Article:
But the popup didn't say there's some specific problem. It just sulked that it expected "html" alone.

Further experimentation with random commercial sites pulled up from browser history suggests that maybe they just don't like Transitional, period. (What the ### business is it of theirs?) Here's another one in red from recent browser history:

<!DOCTYPE HTML PUBLIC "-//W3C//DTD HTML 4.01 Transitional//EN">


:: tweet tweet, chirp chirp ::
1:13 pm on July 23, 2013 (gmt 0)

Senior Member from US 

WebmasterWorld Senior Member fotiman is a WebmasterWorld Top Contributor of All Time 10+ Year Member Top Contributors Of The Month

joined:Oct 17, 2005
posts: 5019
votes: 24


Well, the Transitional DTD was meant to be just that... "transitional". That transition period has long passed, so you shouldn't be using that one any more. :)

maybe they just don't like Transitional, period. (What the ### business is it of theirs?)

Umm... well... since they (the browser) is the one rendering the page, I'd say it's their business. I noticed that on WebmasterWorld the tooltip on the DOCTYPE says

Quirky doctype. Expected "<!DOCTYPE html>".

So perhaps the warning is really just meant as "this DTD will trigger quirks mode, and as such is less cross-browser friendly"? Of course, WebmasterWorld is using a DOCTYPE that will trigger quirks mode (*shakes head*).
Just a guess, though. I don't think the "Expected" statement necessarily means that they ONLY expected an HTML5 doctype. It might just mean they expected something that would trigger standards mode instead?
10:10 pm on July 23, 2013 (gmt 0)

Senior Member from US 

WebmasterWorld Senior Member lucy24 is a WebmasterWorld Top Contributor of All Time 5+ Year Member Top Contributors Of The Month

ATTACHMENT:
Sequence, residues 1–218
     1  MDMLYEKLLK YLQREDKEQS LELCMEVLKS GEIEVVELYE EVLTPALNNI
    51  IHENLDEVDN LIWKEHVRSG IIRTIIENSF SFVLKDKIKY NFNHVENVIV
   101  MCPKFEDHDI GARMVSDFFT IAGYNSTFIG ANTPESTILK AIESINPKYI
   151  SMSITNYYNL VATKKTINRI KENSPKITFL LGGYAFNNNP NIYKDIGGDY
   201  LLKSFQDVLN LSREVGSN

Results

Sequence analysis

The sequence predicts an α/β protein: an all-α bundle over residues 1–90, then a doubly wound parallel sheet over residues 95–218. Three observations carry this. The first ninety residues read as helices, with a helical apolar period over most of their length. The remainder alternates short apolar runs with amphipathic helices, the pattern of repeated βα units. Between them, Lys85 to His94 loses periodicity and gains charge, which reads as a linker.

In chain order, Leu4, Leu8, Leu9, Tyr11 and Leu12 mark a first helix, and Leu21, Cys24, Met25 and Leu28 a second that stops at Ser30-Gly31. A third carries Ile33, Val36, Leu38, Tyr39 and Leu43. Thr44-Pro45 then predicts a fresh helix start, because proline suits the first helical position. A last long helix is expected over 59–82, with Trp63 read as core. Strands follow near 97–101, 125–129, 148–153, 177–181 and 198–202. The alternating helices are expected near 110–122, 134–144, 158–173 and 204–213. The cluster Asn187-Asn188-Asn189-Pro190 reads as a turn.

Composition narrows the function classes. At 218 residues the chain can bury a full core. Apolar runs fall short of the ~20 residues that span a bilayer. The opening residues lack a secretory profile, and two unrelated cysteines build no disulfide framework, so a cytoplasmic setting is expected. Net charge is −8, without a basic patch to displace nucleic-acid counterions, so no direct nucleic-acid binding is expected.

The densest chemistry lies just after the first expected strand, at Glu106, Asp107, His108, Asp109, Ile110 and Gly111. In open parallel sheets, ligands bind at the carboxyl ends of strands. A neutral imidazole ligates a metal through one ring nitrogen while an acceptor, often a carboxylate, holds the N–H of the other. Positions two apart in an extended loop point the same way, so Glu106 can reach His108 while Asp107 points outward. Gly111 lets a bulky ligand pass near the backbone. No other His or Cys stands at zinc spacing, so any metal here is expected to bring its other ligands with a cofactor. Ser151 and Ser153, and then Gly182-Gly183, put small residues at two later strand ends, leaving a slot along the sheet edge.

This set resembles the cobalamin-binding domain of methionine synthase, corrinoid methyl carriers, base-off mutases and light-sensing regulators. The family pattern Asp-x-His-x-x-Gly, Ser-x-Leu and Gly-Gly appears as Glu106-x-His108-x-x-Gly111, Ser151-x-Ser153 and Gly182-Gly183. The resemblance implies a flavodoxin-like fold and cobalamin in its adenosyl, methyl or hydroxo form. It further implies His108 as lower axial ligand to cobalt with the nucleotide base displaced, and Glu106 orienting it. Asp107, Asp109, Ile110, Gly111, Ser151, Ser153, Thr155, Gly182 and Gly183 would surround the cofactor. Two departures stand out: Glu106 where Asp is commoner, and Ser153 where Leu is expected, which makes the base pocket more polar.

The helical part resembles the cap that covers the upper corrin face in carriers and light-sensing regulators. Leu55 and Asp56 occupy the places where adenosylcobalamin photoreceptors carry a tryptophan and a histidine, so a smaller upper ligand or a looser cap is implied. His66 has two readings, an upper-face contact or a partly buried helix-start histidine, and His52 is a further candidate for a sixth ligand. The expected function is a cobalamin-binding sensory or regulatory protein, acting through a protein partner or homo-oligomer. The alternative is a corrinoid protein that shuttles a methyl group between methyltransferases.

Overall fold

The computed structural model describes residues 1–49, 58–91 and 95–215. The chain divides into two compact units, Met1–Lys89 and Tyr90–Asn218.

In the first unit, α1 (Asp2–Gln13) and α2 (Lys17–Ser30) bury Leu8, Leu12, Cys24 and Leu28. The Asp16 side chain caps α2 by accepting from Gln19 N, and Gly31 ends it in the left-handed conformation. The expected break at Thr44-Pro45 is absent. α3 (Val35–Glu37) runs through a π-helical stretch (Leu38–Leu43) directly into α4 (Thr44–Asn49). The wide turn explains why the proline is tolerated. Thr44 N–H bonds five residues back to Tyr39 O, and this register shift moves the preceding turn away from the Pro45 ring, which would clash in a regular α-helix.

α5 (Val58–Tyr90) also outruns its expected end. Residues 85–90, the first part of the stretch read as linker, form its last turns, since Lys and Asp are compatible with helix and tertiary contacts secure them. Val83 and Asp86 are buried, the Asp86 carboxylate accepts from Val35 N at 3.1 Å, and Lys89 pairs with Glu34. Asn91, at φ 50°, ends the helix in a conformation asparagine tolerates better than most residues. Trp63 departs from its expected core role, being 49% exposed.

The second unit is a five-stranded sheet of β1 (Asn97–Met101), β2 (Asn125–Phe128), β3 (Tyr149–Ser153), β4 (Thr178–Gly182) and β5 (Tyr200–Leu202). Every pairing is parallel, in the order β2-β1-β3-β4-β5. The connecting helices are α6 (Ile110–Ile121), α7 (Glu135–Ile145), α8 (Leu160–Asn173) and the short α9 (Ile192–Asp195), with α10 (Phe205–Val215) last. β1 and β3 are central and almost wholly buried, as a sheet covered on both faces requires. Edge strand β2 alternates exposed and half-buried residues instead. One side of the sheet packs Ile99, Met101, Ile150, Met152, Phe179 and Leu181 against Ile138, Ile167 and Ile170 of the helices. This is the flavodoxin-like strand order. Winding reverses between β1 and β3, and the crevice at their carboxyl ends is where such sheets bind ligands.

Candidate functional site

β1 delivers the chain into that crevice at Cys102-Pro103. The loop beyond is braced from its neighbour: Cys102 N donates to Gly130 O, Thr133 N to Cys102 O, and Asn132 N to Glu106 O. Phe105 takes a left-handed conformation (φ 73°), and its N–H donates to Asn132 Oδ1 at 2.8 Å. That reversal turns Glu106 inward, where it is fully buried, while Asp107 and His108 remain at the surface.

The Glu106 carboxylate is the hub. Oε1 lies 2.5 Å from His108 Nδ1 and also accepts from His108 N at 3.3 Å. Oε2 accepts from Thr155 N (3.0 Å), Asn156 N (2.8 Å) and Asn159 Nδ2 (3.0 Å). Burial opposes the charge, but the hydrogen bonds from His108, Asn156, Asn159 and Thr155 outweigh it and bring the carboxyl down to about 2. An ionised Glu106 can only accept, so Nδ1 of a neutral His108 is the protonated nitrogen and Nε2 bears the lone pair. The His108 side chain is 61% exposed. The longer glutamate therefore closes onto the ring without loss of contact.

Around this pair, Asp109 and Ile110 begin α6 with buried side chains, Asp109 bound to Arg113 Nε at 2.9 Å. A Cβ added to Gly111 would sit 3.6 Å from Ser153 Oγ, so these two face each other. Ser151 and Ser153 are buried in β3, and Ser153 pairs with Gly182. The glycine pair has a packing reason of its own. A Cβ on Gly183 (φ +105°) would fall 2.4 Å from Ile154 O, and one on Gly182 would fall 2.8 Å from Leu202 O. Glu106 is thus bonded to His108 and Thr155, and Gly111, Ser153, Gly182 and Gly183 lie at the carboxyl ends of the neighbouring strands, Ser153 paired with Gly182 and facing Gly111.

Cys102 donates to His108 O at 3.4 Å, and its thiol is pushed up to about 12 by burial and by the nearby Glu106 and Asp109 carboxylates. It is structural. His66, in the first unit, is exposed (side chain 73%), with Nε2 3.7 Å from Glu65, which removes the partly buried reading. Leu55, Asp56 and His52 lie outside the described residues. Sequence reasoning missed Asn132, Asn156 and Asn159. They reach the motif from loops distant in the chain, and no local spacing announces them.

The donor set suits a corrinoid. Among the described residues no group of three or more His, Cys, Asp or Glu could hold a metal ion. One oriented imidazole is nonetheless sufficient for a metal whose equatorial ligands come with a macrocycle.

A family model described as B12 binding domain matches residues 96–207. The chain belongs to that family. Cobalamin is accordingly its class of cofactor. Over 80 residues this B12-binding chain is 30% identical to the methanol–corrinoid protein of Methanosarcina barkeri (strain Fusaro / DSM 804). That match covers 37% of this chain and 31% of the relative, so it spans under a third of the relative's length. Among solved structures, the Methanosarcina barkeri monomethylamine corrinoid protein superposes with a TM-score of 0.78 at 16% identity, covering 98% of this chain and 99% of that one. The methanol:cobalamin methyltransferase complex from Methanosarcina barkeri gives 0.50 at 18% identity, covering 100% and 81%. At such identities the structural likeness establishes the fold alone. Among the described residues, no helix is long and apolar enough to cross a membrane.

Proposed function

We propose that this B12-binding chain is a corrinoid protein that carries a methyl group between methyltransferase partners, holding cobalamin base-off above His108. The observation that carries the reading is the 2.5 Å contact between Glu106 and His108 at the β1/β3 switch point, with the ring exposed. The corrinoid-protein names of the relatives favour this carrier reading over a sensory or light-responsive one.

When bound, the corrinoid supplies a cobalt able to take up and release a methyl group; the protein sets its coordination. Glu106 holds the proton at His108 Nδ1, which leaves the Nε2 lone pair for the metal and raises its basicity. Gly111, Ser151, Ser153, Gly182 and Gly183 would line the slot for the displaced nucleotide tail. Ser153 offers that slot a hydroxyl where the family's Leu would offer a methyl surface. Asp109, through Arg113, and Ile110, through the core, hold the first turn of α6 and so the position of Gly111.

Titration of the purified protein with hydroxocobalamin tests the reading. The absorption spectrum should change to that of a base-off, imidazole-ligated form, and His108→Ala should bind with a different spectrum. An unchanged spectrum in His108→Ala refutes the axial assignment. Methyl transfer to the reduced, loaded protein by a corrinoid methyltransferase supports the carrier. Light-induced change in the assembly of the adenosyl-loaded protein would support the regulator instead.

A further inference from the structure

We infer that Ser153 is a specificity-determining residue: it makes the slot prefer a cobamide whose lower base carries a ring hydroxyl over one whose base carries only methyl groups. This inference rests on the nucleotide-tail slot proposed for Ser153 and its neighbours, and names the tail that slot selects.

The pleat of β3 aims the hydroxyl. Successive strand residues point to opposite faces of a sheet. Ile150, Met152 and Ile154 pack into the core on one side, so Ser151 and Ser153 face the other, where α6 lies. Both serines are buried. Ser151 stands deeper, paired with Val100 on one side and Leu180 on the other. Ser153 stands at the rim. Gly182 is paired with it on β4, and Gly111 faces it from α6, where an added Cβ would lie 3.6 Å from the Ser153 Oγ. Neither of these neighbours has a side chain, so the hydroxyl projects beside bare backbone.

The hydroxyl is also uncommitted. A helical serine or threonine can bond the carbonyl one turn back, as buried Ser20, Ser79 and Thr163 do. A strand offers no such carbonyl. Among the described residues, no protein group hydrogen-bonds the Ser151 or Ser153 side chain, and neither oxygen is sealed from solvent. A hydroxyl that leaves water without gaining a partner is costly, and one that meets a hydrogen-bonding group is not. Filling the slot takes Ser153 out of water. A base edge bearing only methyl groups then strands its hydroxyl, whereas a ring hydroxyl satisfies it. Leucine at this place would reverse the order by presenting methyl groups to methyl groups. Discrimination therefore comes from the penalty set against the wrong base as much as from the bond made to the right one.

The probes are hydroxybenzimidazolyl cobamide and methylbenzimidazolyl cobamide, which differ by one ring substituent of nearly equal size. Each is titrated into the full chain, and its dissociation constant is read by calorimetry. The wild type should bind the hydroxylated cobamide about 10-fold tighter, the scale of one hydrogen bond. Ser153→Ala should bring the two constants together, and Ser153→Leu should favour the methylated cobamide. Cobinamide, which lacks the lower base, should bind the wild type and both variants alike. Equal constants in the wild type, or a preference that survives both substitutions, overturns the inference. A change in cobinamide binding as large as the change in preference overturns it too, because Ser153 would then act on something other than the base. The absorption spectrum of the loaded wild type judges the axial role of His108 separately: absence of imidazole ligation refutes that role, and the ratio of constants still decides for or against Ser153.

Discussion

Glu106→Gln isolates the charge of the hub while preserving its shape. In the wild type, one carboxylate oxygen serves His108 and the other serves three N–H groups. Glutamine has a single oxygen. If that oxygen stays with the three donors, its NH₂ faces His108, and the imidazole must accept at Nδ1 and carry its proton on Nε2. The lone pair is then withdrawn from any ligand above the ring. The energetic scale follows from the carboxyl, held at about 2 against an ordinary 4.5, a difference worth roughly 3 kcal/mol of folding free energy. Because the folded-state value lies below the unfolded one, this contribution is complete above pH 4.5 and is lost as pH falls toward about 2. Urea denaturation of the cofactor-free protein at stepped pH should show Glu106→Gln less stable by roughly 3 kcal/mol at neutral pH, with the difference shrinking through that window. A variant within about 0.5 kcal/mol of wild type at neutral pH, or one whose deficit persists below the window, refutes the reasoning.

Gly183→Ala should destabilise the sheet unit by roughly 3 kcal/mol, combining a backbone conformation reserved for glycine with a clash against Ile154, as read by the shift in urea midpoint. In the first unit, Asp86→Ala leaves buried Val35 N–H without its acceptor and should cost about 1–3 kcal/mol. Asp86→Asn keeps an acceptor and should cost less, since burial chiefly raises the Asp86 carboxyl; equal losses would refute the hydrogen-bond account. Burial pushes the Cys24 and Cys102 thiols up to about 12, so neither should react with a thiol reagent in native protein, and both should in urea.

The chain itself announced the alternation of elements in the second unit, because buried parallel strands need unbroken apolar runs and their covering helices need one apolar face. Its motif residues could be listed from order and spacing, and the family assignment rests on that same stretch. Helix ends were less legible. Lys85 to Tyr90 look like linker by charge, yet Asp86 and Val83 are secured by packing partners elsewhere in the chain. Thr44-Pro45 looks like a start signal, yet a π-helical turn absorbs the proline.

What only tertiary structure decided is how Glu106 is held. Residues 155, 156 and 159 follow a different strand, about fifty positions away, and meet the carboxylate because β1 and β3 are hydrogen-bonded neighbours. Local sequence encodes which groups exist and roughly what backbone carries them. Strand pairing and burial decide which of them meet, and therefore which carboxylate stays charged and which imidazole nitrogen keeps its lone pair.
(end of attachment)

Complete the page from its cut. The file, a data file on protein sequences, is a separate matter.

joined:Apr 9, 2011
posts:15450
votes: 739


I re-checked mine. It says "Almost standards mode doctype" before the "Expected..." part. ALMOST? C'mon, FF, give us a hint. Missing a space? Extra space? LF alone where you expected CRLF? Also re-checked with the validator; no complaints.

"Transitional" is an oddly chosen word anyway. It doesn't really mean "on the way from point A to point B", it simply means "you're allowed to put things in the HTML that we'd prefer to see in CSS". That means, for example, you can say <blahblah align = "center"> where Strict would insist on <blahbalh style = "text-align: center";> using twice as many words to achieve identical results. Please do not deduce from this that I ever, at any time, under any circumstances, use <font> tags. Let's be reasonable.
10:37 pm on July 23, 2013 (gmt 0)

Senior Member from US 

WebmasterWorld Senior Member fotiman is a WebmasterWorld Top Contributor of All Time 10+ Year Member Top Contributors Of The Month

joined:Oct 17, 2005
posts: 5019
votes: 24


[en.wikipedia.org...]
See the section that talks about Almost Standards mode (Transitional DOCTYPEs will trigger this).

In strict, presentation attributes would be disallowed, and PREFERABLY put in an external stylesheet (as opposed to using inline style elements). Sure, you *COULD* use inline styles, but "could" and "should" are very different words. :)
11:10 pm on July 23, 2013 (gmt 0)

Senior Member from GB 

joined:Oct 2, 2003
posts: 1019
votes: 39


Hi there Lucy,

I cannot, for the life of me, understand why you are
complaining about Firefox's display of "Source Code.

It is the only browser, amongst my testers, that
gives indications of sloppy coding.

To me, that makes it a handy tool, to you, it just
seems to be an irritation.

birdbrain

[edited by: bill at 2:40 am (utc) on Jul 24, 2013]
[edit reason] tidy up [/edit]

11:35 pm on July 23, 2013 (gmt 0)

Senior Member from US 

WebmasterWorld Senior Member lucy24 is a WebmasterWorld Top Contributor of All Time 5+ Year Member Top Contributors Of The Month

joined:Apr 9, 2011
posts:15450
votes: 739


Sure, you *COULD* use inline styles, but "could" and "should" are very different words.

Yes, that's the thing about "Strict" that always riled me. I could never see why <blahblahh style = "text-align: center";> is OK while <blahblah align = "center"> is not.

Along the way, I noticed that there must be a Mozilla Blue, because the color FF uses-- in, ahem, elements it doesn't object to-- is identical to what Camino uses for the same elements :) But if I'm really going to study a page's source code, I prefer to paste it into SubEthaEdit which offers an even more detailed range of color coding.

[edited by: bill at 2:41 am (utc) on Jul 24, 2013]
[edit reason] tidy up [/edit]

 

Join The Conversation

Moderators and Top Contributors

Hot Threads This Week

Featured Threads

Free SEO Tools

Hire Expert Members